History, Tragedy & Legacy

Amanda Harper


"Better to sell and repent than keep and resent"

John E. Madden was born in 1856 in Bethlehem, PA. Upon the death of his father, John had to find ways to help his family survive.


By about 16, John developed an interest in horses. He was uncannily adept at recognizing the differences in gait and
performance among Standardbreds. John began to buy unseasoned animals that he saw as promising at low prices,
then selling them once he and his team had developed them to their full potential. “Better to sell and repent than keep and resent,” was his motto.


When John moved to Lexington in 1889, he lived at the Phoenix Hotel while delving into the world of Thoroughbreds. He purchased a horse named Hamburg in 1896 for $1,200. He developed the colt into a winner and sold the horse to Marcus Daly for $40,001, which set a record for a two-year-old in training.


The proceeds from the sale were used to purchase an initial 235 acres of land which he named Hamburg Place. The area eventually expanded to 2,000 acres and served as the heart of his breeding operations. There, John bred
14 champion racehorses including the first Triple Crown winner, Sir Barton.


John’s sons, Edward and Joseph, inherited Hamburg Place upon his death in 1929. Their deaths by suicide left the farm to Edward’s sons, Patrick and Preston. Preston and his wife, Anita Myers, bred the 1987 Kentucky Derby winner Alysheba. Anita’s extravagant Derby Eve galas were the talk of the town for nearly 40 years.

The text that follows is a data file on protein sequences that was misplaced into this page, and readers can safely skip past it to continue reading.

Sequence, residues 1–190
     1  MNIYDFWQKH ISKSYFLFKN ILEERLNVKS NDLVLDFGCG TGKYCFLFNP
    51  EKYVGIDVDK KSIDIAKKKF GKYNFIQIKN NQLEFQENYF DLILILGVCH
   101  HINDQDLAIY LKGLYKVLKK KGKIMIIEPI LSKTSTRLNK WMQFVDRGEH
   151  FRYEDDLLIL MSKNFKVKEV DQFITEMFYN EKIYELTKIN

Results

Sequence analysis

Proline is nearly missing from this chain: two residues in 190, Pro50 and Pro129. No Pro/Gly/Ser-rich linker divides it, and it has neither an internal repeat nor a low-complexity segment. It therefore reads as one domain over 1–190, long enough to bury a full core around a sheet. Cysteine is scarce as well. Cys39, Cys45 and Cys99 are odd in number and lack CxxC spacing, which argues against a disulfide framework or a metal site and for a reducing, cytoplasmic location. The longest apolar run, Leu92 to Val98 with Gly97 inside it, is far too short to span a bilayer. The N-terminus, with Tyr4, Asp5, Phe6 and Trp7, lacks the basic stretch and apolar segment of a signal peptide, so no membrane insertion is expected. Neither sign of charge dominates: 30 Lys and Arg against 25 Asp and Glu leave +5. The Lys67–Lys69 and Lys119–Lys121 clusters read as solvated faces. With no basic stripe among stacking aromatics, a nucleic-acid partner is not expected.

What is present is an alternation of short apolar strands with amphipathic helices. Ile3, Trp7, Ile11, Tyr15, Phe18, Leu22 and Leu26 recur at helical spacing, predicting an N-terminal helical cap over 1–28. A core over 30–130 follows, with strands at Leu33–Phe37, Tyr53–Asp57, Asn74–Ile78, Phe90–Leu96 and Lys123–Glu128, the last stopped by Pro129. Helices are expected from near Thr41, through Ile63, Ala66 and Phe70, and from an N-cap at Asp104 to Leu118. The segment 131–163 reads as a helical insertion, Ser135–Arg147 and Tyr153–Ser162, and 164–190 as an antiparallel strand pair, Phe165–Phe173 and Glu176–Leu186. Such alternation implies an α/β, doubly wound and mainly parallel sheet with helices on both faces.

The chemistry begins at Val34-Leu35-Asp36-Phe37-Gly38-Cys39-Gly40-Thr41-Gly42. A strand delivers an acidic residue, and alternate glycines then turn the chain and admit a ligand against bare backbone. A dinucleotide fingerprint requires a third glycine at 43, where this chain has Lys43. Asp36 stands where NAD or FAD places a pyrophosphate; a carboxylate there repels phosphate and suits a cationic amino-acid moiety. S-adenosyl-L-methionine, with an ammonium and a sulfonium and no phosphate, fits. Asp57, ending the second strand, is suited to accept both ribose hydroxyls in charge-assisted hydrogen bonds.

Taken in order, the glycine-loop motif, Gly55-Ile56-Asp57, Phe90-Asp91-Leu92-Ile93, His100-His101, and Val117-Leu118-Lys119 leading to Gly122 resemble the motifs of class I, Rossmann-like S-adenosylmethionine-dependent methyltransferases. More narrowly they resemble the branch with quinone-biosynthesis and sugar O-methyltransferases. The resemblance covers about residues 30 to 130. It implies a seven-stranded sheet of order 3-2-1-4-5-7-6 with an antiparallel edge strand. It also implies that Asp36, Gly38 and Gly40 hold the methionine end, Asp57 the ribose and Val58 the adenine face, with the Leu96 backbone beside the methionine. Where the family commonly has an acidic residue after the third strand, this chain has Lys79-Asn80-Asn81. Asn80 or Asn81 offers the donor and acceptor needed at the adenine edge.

PVA records for Meadowcrest Mansion show that it was built between 1929 and 1931. The three-story Neo-
Georgian house was designed by architect Robert Meekin for Joseph Madden. The total cost of the home was announced at $400,000 including “five master bedrooms, four servants’ rooms, living room, library, dining room, service rooms, gymnasium, tap room, seven bathrooms and five lavatories.” An eight-car garage was later added to
the back of the home.


The home had been unoccupied for some time, and was even the set for a horror fi lm in 2017. The home’s last
owner fi led a demolition permit with the Lexington- Fayette Urban County Government. Crews began tearing down the home in January.


Cowgill said that the 86-acre plot could have a variety of uses where it sits along I-75 and US-60. Their website reads, “We are working our way through the necessary approvals and expect to break ground within a year.”